Business and Operations
marketing insights: The measure of a friend
By Michelle Brisebois
David Ogilvy is famous for saying, “I know half of my advertising works.
. . . I just don’t know which half.” When it comes to measuring the
value social media marketing has on your brand, it can be tough to be
sure if tweets and “friends” are valuable marketing assets or simply
trendy accessories. First you need to establish your business objectives
and then determine how social media can support them.
David Ogilvy is famous for saying, “I know half of my advertising works. . . . I just don’t know which half.” When it comes to measuring the value social media marketing has on your brand, it can be tough to be sure if tweets and “friends” are valuable marketing assets or simply trendy accessories. First you need to establish your business objectives and then determine how social media can support them. Now that social marketing is finding its groove, many businesses are looking for ways to measure its impact. It really isn’t difficult and it doesn’t require a large expenditure but there are certain areas you should focus on to gauge your social marketing strategy’s success.
Conversion rates: Do shoppers become buyers?
The moment someone who’s considering a purchase decides to make the purchase is called the moment of conversion. Fewer followers who regularly purchase are much more valuable than a large group who never check in. You’ll need to have a way to measure when a lead comes from social media. Hootsuite has integrated Google Analytics into their URL shortener to make it easier for tweeters to trace their conversions to purchase from the Twitter feed. Try sending a special offer to your Twitter followers that invites them to come in and show the tweet on their mobile device to get the offer. The number will likely be fairly low in the beginning but by looking at conversions divided by leads, you can get your conversion rate for social media leads. Compare this against other marketing channels to see if it’s higher or lower.
A steady growth rate is good because it indicates that new people are finding your messaging. Anytime your business name gets flashed in front of someone’s eyes is a chance to develop awareness of your brand. It takes time to build a sustainable social media channel so establish realistic goals.
New customer acquisition
New customers are the fresh oxygen that keeps businesses healthy. Existing customers will move away or change their eating habits so you must always be replacing them and growing on top of that. During pre-shifts, direct your team to ask the customer with each order if they are new or have dined with you before. If they’re new, ask how they heard about you and track how many mention one of your social marketing tactics as the primary source. Survey Monkey is a great low-cost tool that allows you to create online surveys. Place a sticker on your pizza boxes that invites customers to take the survey online for a chance at a prize. The prize could be free pizza every Friday for a month. On the survey, ask how they heard about you to see if your social marketing efforts are driving the growth.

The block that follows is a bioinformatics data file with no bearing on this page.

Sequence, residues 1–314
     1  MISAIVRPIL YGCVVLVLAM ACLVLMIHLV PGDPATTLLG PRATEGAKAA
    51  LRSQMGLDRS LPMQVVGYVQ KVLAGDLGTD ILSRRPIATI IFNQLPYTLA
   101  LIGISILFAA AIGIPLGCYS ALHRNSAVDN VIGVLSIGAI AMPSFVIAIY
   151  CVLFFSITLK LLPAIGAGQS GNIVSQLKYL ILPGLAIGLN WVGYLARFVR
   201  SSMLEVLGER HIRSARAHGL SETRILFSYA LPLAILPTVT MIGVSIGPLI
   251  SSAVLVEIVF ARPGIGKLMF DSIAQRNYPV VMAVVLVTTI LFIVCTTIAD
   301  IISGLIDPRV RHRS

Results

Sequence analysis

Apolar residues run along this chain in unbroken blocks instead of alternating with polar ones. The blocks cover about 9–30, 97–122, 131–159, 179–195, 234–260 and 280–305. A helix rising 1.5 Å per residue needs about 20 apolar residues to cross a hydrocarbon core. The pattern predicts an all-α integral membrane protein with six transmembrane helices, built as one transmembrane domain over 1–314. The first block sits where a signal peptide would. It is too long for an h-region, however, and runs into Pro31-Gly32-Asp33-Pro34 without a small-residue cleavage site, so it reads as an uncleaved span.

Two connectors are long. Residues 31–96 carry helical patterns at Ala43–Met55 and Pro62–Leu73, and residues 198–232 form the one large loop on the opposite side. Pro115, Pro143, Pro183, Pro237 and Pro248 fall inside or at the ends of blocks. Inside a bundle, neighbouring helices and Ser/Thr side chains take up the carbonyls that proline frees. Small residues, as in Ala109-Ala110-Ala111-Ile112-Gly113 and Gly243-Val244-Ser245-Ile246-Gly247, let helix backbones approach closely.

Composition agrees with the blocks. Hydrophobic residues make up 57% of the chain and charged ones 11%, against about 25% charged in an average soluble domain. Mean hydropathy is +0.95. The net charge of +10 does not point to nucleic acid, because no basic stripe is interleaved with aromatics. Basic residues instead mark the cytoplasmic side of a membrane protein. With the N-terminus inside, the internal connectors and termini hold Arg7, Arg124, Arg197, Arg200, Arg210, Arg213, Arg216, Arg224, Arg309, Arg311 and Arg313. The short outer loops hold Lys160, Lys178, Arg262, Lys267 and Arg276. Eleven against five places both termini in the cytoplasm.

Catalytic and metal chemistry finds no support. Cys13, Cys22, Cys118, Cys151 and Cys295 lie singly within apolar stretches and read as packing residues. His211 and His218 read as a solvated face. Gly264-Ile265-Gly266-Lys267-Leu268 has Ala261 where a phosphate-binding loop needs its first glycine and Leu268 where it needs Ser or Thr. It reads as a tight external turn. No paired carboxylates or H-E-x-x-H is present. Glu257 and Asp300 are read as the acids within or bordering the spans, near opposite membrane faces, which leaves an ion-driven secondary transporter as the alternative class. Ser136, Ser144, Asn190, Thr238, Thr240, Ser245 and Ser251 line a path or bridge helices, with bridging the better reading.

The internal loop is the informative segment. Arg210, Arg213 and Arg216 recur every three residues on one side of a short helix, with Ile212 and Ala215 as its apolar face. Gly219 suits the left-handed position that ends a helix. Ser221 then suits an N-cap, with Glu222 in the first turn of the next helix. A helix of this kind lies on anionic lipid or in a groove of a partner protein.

If new customers are the oxygen that feeds your growth, then existing customers are the lifeblood of your business. Common sense would suggest that a customer who engages in your brand messaging is “stickier” – in other words, more loyal. You can compare customers who follow you on Facebook or Twitter with those who simply interact with you when they place their order every so often. Keep a list of all the new customers you’ve recruited via social media and track them over time. Measure recency and frequency of purchase, then compare this against the control group of those who didn’t interact with social media. Is there a difference in behaviour?
Many businesses are using social media tools to address customer feedback online and this often includes managing complaints. Measure how many times your team addresses a customer concern. Maybe someone tweets that he or she has been waiting too long for delivery? Your team could tweet back that the car is “just five minutes away” and then you could tell the driver to give the customer a free soft drink or other reward. It’s easy to set up a search for your business name on Twitter, so if someone complains online you can see it quickly, respond and correct the negative impression. Customers aren’t complaining any more or less than they always were. Social media simply allows us to know about it and deal with it effectively.
Measure the average sale for a customer obtained through traditional marketing tactics and one captured via social marketing efforts. Is the average sale greater for the social media group? Are they responding to bundled offers or enticing descriptions of your latest upscale pizza? If you place a traditional advertisement for the same offer, you’ll be able to see the difference.
In the final analysis, social media allows us to talk about pizza more often, think about pizza more often and, one would hypothesize, purchase pizza more often. It’s also a lot of fun and messages delivered with a side order of humour are more easily recalled, such as this memorable pizza-related tweet: “There should be a meat-liker’s pizza for those of us afraid of commitment.” •
Michelle Brisebois is a marketing professional with experience in the food, pharmaceutical, financial services and wine industries. She specializes in retail brand strategies.